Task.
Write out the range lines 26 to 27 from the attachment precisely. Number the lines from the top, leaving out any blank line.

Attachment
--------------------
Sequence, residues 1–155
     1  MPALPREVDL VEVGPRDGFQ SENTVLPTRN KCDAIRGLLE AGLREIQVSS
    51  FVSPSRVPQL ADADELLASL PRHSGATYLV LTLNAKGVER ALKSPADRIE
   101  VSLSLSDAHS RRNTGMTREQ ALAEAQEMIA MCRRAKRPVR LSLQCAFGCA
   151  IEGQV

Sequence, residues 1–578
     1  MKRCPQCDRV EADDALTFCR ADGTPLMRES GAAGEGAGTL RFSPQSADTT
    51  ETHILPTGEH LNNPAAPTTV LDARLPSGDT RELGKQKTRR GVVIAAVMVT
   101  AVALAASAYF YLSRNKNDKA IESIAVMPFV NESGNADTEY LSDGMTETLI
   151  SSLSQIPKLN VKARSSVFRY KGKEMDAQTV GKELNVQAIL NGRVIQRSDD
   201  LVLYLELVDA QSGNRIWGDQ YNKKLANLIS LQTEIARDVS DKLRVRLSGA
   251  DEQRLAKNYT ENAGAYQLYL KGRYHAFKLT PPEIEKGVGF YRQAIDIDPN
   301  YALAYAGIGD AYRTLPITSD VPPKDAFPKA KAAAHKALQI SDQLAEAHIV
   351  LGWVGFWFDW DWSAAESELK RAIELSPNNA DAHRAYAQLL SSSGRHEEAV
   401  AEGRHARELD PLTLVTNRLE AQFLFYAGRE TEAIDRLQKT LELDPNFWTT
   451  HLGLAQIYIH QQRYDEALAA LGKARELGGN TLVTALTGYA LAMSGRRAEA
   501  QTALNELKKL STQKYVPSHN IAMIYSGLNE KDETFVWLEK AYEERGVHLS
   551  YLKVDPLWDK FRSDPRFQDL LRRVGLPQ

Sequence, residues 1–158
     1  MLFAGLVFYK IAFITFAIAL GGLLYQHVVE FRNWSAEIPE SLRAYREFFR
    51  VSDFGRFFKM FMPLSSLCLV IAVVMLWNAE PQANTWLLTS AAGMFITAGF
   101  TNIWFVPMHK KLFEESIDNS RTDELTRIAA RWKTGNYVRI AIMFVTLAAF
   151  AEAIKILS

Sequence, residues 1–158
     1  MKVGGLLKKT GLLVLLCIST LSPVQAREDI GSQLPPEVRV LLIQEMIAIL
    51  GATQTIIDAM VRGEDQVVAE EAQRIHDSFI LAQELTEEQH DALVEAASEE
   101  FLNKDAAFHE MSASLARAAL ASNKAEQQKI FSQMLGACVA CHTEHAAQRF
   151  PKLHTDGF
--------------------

    51  GATQTIIDAM VRGEDQVVAE EAQRIHDSFI LAQELTEEQH DALVEAASEE
   101  FLNKDAAFHE MSASLARAAL ASNKAEQQKI FSQMLGACVA CHTEHAAQRF